In terms of the web, for the first 10 years of the internet, and I’m talking from 1995 – when the public web first exploded – into around 2005, people weren’t thinking too much about content. They were thinking about creating things like banner ads, newsletters. But content itself wasn’t very big.

I identified content marketing – although I didn’t use that term back then – as a big thing back in 2004. I wrote a book that came out in 2005 which is called “Cashing In With Content“. It’s a dated book now, it’s not appropriate so much now because so much has changed. But I was one of the first people to talk about content marketing way back in 2005. So that’s what, about 7 years ago? And at that time, people were very very skeptical, because there weren’t that many people connected to the internet yet. And it didn’t seem like something that companies should invest in.

Its only been in the last one or two years that content marketing has really taken of, and the main reason for that is because people now understand that term, “content marketing”. I’ve been talking about content marketing since 2005, but everything I was telling people to do since 2005, and I have written 7 books since then and given about 500 speeches, is that it’s all about content marketing. It’s about creating great content for your website, it’s about creating YouTube videos. Now that we’ve got social media it’s about Twitter feeds and getting a Facebook page and all of that.

There’s been people like me who have been talking about it that have helped. Some companies that naturally gravitated to it that have helped a lot. And its only been in the last year that it’s taken off as a name “content marketing”, that people in the marketplace recognize it. But they’ve been doing it for longer than they actually believe.

LF – Do you think that the fact that content marketing has had a boom in the past year has something to do with social media becoming actual means of communication between clients and companies?

DMS – I think they’re related. And the main reason why I think they’re related is because if you want to use social media as a form of marketing, one of the things that you have to have is valuable content to share using social media. So if all you’re doing is participating on Facebook and Twitter but you don’t have anything interesting that you’re creating, it’s very hard to build a following, it’s very hard to get people to engage with you.

But if you’re creating interesting videos, if you’re creating blog posts, and you’re creating photographs, charts or other types of information, and then you’re using social networks like Facebook or Twitter or other networks to share that content, then that becomes particularly valuable. And therefore I think that the rise of social networks and the rise of content marketing are kind of interrelated.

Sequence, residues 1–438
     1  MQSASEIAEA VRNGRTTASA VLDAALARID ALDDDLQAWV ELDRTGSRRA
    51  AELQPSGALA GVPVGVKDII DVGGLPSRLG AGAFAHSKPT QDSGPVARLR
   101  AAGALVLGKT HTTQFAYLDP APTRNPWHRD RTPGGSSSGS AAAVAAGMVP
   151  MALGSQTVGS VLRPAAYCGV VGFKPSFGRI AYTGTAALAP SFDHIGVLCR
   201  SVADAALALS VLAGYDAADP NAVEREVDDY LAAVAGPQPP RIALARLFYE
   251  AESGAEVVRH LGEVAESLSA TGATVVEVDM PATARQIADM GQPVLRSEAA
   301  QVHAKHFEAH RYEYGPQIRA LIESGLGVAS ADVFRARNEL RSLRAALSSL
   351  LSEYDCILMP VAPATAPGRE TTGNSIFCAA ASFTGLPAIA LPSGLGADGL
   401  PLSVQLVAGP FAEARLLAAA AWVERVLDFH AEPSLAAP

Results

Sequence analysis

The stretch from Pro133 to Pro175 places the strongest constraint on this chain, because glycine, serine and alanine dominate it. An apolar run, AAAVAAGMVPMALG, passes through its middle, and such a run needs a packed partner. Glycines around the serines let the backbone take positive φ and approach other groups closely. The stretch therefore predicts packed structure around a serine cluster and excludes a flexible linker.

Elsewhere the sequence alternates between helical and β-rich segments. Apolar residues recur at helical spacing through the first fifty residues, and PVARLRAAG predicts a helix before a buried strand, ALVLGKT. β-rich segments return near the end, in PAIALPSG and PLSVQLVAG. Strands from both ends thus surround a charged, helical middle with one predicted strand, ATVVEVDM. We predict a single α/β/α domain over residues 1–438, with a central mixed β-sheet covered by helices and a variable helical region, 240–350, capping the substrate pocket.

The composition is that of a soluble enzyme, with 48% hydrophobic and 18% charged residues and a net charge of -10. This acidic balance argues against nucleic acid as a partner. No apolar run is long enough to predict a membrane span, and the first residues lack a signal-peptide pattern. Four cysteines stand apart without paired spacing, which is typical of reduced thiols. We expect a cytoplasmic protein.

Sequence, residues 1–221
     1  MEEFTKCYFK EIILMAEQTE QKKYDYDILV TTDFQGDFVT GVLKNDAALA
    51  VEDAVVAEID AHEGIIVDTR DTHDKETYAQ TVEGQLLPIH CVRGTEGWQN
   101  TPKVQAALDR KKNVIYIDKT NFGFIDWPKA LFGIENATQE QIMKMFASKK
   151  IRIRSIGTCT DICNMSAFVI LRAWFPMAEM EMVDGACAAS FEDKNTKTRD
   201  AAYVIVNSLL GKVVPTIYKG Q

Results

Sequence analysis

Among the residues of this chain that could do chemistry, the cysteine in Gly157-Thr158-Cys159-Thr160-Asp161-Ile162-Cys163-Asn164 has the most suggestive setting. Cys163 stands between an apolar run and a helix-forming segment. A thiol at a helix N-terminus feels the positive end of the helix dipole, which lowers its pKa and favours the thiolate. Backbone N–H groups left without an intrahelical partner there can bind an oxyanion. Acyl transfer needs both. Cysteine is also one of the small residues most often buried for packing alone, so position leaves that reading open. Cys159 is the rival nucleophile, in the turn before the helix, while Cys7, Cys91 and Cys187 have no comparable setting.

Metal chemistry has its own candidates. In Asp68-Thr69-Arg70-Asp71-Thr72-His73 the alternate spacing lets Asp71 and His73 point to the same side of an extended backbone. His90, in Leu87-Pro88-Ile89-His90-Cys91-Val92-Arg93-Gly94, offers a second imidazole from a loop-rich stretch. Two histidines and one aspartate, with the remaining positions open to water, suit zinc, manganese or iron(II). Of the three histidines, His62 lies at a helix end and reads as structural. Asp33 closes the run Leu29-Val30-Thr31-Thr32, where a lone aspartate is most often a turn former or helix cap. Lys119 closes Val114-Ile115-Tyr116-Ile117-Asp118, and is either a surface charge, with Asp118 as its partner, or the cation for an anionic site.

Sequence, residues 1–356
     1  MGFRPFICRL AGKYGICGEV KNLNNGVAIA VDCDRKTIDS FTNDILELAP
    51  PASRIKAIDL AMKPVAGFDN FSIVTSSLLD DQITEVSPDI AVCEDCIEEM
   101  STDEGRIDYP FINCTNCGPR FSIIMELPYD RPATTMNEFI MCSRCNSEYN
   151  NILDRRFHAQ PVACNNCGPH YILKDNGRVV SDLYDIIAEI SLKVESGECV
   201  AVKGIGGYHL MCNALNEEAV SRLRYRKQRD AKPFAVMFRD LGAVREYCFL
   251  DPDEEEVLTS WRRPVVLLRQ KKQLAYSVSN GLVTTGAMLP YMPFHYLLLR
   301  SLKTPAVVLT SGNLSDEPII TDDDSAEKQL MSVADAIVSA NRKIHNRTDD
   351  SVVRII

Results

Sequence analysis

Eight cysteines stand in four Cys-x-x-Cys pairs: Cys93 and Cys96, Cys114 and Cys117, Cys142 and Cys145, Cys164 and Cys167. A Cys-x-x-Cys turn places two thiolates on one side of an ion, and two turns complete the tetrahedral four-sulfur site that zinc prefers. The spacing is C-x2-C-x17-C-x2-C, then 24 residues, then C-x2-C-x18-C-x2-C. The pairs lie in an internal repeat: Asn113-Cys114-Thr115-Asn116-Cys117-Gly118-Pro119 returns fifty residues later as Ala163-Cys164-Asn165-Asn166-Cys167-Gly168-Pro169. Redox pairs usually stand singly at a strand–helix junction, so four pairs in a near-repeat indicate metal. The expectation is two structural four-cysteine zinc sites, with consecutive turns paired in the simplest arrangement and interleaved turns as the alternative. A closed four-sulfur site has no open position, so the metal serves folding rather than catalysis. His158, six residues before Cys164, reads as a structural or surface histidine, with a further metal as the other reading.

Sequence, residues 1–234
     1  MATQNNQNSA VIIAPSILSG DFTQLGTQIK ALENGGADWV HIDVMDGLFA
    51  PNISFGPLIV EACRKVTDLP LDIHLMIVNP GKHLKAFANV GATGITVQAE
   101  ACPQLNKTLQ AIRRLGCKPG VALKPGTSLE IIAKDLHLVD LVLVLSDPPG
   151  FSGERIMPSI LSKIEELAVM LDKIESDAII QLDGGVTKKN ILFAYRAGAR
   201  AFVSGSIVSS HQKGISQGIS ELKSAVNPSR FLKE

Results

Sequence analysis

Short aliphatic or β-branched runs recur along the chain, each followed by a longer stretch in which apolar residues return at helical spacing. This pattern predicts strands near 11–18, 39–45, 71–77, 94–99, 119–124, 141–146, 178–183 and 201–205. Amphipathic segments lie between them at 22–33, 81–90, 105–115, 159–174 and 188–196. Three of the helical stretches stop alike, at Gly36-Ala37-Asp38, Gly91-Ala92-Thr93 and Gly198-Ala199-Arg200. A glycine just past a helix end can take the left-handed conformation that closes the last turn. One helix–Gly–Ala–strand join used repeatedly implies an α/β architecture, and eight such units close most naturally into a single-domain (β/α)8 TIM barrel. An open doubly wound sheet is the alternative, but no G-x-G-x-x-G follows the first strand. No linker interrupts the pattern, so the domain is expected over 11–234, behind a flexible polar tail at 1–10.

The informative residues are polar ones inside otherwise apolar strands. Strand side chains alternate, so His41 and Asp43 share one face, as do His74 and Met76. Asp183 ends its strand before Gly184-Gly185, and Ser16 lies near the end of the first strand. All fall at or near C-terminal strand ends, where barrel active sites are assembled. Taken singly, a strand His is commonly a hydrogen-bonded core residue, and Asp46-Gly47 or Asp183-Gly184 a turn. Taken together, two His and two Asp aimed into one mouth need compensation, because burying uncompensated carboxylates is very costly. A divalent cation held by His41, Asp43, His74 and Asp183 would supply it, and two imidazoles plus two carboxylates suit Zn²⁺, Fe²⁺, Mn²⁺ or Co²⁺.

LF – On that topic, many new and usually small companies are using social media and content to get their businesses out there and to attract new clients. For people who don’t have a lot of knowledge or experience in this specific area, what traps or strategies should they avoid so they don’t scare away consumers or so that they don’t look phony?

DMS – The biggest thing, the most important thing, is that you should not create content about your company’s products and services. The reason I say that is because you actually need to think about who are the people that you’re trying to reach. Who are the people that you want to contact. And then you need to understand what problems those people have that you can help to solve. And you need to understand how they think. Then you need to create the content with them in mind.

So it’s very much like journalism. I actually call it brand journalism because when you’re creating content marketing you’re actually thinking like a journalist and creating content like a journalist. And it needs to be valuable for the readers. But most marketing people are very bad at that. What marketing people are skilled at is creating content about their products and about their services. But again, that’s not what people are looking for and that’s not going to be successful – if you’re only creating content about your products and services.

LF – There are many tools and platforms that help professionals organize and schedule content for social networks, blogs and websites, such as Hootsuite. Something that I have noticed here in Brazil is that professionals tend to schedule most of the content. Sometimes a week in advance, two weeks in advance, a month. Do you think this is a proper way to work? And do people notice when there are many programmed posts and tweets? Can they pick it up, that the content wasn’t created at that specific moment?

DMS – I think people do pick it up. If you send a scheduled tweet you have to be willing to react if somebody comments back to you. I think it’s OK sometimes to use a scheduled piece of content. I sometimes do a scheduled blog post, if I want to release a blog post at a particular time. I might do it myself. But it’s a good idea to make sure that if you do that, that you’re prepared if somebody comments that you can comment back, if they tweet back to you that you tweet back to them.